|Loc: north coast Santa Cruz
|Last visit: Aug 2019
|Prisoner’s Harbor, Santa Cruz
|Santa Cruz Channel
|Skipper: Capt. Dan
|Boat: S/V Sancerre
|Port: Channel Islands
|No place to land
|Local Notice to Mariners
Though Painted Cave is the focus of many excursions to Santa Cruz Island, it is definitely not an anchorage. And therein lies one of two big problems.
(1) There is no place to moor within paddling distance (unless you’re an olympic paddler). Folks making the run in a dinghy with a motor generally drop the hook at Hazards.
(2) It’s tricky to find the cave the first time you go looking for it. Even though it is the number 2 or 3 largest sea cave in the world.
Our solution to the number one problem was to launch and retrieve the dinghy underway. The artist David Gallup and I spent an hour and half in the cave while the bosun drove Sancerre in lazy circles, waiting for Dave to complete his canvas.
Finding Painted Cave
The first time I went looking for Painted Cave (this is the #2 problem), I found – what I now know – is FALSE painted cave. It’s a huge cavern a couple of hundred yards west of the real thing. It’s enormous, but it’s hard to know if it’s painted as once you’re inside and around the first bend, it is absolutely dark.
BTW, there are many caves in this area suitable for kayaking. Beware that some are fairly low and would be dangerous in any sort of swell. Anyhow, back to finding the cave. Fagan tells us that the cave is in the second indent west of Profile Point.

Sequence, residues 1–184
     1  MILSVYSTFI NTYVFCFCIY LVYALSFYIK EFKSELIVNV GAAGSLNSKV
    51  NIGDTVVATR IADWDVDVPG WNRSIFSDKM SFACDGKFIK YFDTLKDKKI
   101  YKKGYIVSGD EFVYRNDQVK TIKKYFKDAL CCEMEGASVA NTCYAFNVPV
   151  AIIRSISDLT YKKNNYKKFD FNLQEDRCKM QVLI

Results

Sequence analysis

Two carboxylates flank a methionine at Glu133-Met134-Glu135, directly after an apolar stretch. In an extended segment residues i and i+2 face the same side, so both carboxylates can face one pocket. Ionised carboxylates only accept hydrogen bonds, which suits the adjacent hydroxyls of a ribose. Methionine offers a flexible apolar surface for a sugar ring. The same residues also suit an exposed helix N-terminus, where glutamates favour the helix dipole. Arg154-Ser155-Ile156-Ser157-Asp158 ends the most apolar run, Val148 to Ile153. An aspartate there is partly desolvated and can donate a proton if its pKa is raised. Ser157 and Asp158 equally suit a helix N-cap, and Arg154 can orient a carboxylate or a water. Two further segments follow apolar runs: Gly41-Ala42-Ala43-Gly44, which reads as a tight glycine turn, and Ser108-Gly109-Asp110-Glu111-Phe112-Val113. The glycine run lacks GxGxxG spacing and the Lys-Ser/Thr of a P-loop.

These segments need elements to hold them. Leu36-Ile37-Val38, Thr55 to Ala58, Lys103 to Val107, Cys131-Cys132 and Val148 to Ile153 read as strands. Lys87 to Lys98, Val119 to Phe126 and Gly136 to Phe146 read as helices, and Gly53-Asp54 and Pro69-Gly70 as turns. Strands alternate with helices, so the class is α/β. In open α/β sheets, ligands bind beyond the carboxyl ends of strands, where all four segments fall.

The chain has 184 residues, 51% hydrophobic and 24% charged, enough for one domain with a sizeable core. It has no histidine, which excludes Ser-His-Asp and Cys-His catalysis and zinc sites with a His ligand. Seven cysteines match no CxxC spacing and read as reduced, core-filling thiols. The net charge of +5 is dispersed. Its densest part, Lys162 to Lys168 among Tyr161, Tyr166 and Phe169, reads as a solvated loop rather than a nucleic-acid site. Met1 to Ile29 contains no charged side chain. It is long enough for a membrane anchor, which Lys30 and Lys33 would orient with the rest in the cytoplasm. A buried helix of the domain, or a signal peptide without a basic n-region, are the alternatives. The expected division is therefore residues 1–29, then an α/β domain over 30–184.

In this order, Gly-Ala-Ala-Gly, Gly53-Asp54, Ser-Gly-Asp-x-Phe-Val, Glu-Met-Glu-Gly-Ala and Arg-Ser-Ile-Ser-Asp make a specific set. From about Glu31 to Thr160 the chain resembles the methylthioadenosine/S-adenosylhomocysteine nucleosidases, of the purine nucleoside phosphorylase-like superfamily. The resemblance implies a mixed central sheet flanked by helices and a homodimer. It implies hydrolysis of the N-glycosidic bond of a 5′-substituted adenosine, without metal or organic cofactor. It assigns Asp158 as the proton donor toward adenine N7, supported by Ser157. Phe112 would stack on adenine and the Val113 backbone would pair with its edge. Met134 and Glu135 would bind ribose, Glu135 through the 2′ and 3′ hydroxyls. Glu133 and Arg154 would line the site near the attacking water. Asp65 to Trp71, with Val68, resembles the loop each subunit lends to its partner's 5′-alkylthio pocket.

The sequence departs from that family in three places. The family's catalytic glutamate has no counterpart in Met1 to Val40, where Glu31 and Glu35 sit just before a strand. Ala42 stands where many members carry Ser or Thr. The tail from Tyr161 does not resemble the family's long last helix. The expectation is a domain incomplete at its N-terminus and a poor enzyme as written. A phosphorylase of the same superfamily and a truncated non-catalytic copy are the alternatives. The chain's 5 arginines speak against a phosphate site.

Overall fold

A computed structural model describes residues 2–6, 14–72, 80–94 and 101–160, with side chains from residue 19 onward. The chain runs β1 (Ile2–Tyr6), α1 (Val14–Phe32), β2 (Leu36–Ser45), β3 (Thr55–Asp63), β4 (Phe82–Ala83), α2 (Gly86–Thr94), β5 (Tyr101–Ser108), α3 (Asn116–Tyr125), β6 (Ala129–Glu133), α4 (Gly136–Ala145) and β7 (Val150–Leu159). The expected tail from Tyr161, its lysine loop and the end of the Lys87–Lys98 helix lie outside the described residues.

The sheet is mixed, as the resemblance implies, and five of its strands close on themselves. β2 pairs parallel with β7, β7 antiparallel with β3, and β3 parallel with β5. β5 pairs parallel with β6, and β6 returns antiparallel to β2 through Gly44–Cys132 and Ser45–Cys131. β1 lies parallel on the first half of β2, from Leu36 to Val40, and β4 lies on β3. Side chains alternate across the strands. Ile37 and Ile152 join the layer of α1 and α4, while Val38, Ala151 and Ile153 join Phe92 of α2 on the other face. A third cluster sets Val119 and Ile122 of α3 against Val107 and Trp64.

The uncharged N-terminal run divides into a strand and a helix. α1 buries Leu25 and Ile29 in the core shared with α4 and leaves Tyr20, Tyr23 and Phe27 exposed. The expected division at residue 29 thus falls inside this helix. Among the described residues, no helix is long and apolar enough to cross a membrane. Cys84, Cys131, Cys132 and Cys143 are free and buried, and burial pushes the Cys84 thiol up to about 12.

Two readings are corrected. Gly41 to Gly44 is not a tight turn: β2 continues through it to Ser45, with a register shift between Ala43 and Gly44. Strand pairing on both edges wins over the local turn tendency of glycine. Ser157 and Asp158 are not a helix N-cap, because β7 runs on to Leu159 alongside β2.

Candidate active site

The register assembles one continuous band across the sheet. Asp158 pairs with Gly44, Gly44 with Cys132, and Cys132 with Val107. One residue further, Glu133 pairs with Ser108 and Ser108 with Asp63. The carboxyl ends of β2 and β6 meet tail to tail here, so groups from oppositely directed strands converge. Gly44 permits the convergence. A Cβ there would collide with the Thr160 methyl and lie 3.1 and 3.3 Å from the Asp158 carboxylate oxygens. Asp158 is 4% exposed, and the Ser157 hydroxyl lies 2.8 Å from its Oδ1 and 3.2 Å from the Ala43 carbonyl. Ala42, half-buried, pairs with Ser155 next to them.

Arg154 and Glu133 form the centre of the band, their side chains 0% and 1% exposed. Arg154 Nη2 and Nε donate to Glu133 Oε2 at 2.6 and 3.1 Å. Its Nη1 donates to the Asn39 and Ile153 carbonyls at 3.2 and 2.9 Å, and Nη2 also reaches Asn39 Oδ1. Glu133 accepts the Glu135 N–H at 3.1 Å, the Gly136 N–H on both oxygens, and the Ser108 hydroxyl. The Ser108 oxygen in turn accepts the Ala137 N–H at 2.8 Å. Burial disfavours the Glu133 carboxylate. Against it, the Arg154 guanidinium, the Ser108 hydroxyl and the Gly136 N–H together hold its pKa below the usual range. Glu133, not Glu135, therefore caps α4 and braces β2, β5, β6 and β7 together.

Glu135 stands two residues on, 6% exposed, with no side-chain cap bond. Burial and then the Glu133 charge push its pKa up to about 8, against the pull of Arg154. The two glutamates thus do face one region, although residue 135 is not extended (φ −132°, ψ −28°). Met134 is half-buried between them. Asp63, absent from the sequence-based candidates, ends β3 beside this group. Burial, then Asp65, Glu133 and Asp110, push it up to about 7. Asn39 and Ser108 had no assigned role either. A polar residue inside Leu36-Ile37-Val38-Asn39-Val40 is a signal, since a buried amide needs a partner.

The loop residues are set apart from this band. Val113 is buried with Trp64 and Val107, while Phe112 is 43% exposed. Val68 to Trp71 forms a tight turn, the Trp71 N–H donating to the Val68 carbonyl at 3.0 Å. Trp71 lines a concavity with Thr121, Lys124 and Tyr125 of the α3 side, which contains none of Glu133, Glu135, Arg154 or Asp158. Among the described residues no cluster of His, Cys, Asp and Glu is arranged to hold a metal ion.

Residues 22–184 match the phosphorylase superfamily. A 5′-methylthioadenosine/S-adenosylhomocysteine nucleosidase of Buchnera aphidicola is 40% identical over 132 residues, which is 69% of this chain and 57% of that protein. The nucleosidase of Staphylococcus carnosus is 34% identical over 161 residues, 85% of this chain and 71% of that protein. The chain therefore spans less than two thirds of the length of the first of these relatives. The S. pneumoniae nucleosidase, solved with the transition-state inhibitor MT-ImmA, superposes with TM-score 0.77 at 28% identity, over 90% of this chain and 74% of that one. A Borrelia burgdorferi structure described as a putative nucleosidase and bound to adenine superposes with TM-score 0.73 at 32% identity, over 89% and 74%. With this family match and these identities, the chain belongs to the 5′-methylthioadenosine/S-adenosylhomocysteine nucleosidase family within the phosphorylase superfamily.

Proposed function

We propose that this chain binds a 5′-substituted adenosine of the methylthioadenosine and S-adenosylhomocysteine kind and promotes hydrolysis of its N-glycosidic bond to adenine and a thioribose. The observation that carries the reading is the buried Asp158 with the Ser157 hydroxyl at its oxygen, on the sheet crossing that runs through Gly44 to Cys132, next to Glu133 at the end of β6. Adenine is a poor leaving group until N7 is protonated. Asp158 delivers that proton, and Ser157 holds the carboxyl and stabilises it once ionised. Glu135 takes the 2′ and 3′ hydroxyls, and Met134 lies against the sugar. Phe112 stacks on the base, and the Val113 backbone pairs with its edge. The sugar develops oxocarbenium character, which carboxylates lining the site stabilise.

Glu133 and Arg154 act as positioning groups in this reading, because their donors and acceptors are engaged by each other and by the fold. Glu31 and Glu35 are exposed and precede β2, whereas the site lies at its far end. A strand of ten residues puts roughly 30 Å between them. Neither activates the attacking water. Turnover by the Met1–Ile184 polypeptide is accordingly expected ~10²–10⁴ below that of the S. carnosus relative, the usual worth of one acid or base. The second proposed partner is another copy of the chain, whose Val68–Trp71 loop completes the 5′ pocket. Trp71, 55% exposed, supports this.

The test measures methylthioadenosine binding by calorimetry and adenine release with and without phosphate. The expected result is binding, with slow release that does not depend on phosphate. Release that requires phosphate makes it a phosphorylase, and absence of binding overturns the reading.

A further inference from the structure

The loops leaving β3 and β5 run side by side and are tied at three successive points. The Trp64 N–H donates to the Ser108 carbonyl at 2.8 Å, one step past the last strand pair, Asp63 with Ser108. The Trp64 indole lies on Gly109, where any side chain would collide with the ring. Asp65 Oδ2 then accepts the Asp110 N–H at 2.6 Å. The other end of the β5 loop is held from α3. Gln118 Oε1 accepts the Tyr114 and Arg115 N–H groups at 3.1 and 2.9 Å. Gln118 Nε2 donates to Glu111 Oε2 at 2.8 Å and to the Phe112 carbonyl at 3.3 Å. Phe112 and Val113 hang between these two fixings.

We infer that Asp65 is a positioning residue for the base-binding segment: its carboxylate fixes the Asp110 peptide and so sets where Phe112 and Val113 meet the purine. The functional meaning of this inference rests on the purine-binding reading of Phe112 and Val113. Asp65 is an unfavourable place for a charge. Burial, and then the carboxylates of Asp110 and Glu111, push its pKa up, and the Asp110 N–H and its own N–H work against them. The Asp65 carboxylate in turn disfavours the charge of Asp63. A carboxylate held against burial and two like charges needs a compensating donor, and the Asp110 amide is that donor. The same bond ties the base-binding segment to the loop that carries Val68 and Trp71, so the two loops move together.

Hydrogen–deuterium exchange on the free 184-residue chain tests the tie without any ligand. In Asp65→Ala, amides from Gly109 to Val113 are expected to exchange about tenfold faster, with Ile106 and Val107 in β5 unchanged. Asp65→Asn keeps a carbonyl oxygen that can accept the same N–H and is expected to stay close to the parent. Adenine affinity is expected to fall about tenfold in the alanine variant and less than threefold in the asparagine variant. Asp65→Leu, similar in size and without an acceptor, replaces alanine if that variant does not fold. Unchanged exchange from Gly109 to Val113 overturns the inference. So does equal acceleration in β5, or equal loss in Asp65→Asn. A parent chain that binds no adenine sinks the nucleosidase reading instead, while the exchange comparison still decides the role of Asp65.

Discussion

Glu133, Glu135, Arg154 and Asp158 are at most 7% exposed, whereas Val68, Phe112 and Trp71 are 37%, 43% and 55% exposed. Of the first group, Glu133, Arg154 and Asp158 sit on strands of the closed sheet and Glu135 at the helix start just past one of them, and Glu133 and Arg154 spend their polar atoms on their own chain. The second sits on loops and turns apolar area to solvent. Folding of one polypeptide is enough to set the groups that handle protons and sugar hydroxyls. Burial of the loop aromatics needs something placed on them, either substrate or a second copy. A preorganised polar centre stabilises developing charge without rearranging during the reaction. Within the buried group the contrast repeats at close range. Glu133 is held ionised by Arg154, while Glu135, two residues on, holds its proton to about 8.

And so it is. (The Coast Pilot says it is .3 miles east of West End. It is not. It’s 3 miles east). The trick is identifying the first indent. It’s right there, just a few yards away from Profile Point. And the Cave, well, it’s closer to Profile Point than a peg to first base. It’s only tricky to find because it’s only visible once you head into the passageway that leads to the entrance. There is, we now know, a great landmark to guide you and it’s in the picture to the right.
Everything about this mission seemed a bit hazardous. We launched the dinghy while underway. We managed to keep the dinghy upwind or crosswind from the boat, so we didn’t asphyxiate ourselves, but there was that opportunity. Once we got into the cave, there was an occasional swell, so we stayed in the main chamber with Dave. Had the swell increased by a foot or so, we would have bailed out. Retrieving the dinghy was a bit more interesting than launching it as the wind and sea had got a bit sportier. We had originally planned to grab some lunch and head back into the cave after that, but decided that it was getting a little to testy for us middle-to-old gentlemen.
We’ve been back a couple of times, the last time in our kayaks and armed with a great flashlight. The video recounts that adventure.
If you have new or amplifying information concerning this Harbor or the surrounding area, please contact Captain Dan.